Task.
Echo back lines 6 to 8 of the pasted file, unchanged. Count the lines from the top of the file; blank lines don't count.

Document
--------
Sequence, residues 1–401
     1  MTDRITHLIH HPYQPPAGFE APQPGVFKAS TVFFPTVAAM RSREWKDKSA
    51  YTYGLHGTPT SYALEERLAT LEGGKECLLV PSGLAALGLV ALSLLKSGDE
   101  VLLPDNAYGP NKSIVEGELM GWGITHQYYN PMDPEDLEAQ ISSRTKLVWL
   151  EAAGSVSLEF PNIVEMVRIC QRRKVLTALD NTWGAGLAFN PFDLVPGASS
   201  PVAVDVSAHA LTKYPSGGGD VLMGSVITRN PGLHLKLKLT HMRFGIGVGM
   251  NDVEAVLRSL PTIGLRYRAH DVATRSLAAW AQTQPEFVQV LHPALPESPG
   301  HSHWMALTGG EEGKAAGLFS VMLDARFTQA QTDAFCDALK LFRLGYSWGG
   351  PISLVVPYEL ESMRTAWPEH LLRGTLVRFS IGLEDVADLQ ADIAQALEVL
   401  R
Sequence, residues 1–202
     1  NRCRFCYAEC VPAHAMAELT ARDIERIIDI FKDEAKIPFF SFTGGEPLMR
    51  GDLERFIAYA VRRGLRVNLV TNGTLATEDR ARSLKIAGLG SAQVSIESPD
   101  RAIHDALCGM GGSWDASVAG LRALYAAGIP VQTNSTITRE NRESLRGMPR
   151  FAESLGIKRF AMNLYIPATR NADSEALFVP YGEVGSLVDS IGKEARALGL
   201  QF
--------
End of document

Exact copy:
   201  PVAVDVSAHA LTKYPSGGGD VLMGSVITRN PGLHLKLKLT HMRFGIGVGM
   251  NDVEAVLRSL PTIGLRYRAH DVATRSLAAW AQTQPEFVQV LHPALPESPG
   301  HSHWMALTGG EEGKAAGLFS VMLDARFTQA QTDAFCDALK LFRLGYSWGG